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Trembling Bells Wide Majestic Aire

(Limited Edition Vinyl LP)

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Trembling Bells Wide Majestic Aire EP on Limited Edition LP

Glasgow-based Trembling Bells are back with the 2016 EP Wide Majestic Aire; a seven-track mini-album which acts as a companion piece to 2015 predecessor Sovereign Self and cements their reputation as one of Britain's most exciting and exploratory groups.

"‘Wide Majestic Aire' is among my favourite songs that I've written," says the band's founder and leader Alex Neilson. This romantic ballad, sung by Lavinia Blackwall, sees the compass of the band's music swing back in the direction of folk after the prog and acid rock of Sovereign Self. It is in some ways archetypally Trembling Bells in its evocation of the landscapes of Yorkshire and Oxford and its invocation of great artists of the past - Larkin, Blake, Lorca and Turner. Such a sweet and melodic song could function as a gateway drug to the rest of the band's music, which is to be welcomed as there is much to explore in their rich back catalogue.

A major river in Yorkshire, the Aire passes through Leeds, Neilson's home town. "The Aire was a sanctuary for me," he says. "I grew up on a council estate in Bramley and the river was five minutes away. As a teenager I'd listen to the Velvet Underground, Captain Beefheart and Incredible String Band while walking my dogs along the banks. These were the things that moulded me and sent me on a certain path in life."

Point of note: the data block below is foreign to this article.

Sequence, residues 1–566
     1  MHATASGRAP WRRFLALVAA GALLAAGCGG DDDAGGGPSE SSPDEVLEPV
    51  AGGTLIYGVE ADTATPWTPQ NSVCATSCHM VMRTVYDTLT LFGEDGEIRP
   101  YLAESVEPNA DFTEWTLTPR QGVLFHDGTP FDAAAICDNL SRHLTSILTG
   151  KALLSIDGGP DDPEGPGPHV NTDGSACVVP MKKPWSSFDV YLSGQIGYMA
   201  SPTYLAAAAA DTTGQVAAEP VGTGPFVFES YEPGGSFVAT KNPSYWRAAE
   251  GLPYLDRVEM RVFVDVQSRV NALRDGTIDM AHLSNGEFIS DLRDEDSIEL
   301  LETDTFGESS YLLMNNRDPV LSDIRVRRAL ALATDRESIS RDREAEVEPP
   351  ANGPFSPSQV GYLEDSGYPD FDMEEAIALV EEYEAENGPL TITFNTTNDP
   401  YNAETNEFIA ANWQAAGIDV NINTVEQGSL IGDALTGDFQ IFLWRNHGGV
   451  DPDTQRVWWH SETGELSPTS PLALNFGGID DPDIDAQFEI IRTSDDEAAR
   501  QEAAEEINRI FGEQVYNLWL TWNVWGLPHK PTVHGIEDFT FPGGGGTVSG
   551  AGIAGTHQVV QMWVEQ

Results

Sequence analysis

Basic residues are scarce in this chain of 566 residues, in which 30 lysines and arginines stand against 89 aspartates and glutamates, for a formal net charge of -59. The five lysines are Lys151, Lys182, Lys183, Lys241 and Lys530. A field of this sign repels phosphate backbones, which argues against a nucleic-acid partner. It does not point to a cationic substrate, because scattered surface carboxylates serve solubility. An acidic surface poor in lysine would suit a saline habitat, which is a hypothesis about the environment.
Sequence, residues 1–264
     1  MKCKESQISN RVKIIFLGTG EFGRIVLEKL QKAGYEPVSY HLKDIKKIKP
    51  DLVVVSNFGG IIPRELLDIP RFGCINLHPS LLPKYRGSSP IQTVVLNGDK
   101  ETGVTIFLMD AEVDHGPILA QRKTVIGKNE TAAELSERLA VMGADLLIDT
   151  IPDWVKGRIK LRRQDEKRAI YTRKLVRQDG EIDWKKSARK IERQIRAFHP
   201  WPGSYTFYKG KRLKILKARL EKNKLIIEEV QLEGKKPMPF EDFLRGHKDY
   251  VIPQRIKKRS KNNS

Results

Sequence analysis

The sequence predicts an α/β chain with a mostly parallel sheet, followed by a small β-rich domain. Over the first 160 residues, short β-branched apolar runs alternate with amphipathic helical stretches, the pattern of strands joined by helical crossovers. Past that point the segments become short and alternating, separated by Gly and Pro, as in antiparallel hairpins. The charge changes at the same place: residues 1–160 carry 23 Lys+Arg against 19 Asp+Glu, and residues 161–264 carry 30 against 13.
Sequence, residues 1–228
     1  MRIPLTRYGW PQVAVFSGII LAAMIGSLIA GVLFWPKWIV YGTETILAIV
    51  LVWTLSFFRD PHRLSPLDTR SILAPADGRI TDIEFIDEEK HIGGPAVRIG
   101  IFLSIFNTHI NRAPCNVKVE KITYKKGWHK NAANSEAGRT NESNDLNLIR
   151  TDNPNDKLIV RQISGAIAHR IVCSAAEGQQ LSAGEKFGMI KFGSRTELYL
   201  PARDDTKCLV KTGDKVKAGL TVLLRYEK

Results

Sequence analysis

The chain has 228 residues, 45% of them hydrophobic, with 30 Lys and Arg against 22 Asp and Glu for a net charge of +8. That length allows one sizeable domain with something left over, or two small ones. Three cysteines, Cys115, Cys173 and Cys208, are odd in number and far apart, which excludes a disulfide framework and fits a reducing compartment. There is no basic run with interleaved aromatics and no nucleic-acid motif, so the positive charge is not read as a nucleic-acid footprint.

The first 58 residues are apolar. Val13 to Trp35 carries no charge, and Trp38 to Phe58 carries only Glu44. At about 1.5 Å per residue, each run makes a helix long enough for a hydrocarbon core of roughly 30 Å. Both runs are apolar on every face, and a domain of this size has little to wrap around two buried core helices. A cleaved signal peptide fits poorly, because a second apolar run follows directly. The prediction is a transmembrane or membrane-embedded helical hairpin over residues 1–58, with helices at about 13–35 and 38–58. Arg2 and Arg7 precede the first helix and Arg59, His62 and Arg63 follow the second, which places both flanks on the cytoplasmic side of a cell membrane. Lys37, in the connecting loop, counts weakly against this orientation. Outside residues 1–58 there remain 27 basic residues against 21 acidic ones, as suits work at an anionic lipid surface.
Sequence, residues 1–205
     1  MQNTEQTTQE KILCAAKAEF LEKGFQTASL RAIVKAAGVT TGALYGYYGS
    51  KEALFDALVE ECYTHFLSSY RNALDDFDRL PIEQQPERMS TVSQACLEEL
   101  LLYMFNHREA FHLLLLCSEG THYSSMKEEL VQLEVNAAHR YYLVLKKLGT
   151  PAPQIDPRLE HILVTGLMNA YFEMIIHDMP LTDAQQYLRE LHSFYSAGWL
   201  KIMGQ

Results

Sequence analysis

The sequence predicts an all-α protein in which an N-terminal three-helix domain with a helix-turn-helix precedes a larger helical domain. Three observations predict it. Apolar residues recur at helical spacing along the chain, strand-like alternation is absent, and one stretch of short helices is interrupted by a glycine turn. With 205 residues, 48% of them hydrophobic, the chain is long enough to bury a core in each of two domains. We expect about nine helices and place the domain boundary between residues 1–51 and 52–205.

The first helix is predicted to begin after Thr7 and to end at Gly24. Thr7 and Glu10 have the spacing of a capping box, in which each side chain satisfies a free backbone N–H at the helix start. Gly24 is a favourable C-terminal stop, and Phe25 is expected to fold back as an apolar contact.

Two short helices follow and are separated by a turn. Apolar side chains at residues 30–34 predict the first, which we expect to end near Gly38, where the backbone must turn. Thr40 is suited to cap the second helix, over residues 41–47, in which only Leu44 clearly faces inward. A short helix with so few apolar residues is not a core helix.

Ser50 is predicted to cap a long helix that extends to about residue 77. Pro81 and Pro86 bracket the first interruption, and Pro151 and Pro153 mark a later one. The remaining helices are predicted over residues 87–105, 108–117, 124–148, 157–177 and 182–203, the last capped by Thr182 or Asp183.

The band's classic debut album was named for Carbeth, and the new mini-album contains a song, "Swallows Of Carbeth," which bookends "Willows Of Carbeth" from the first record. This pair of songs are about the two most significant lost loves of Neilson's life - Willows a musician, Swallows a painter - and the overall effect is that moving blend of personal history and sense of place which characterizes the best of the Trembling Bells' work.

Elsewhere on the EP is "Show Me A Hole (And I'll Crawl In It)," a song flavored by the band's fascination with Renaissance and Baroque composers such as Monteverdi and Purcell. A great joy of listening to Trembling Bells is that one can trace their influences and inspirations down the snickelways and ginnels of western civilization in its entirety, fetching up in Plato's symposium or Weimar-era Berlin or the UFO club in 1967. The second-last track of the EP, "The Day That Maya Deren Died," is an example of yet another strand of their work - unaccompanied singing.

Trembling Bells, in 2016, are carving their own path through contemporary culture. Their huge creative ambition sees them forever pushing deeper and deeper into their art, and there is a compulsive quality to Neilson's songwriting that - like the Aire, wide and majestic - just keeps flowing. "We have," he says, "a frenzied, ferocious attitude towards life and work."

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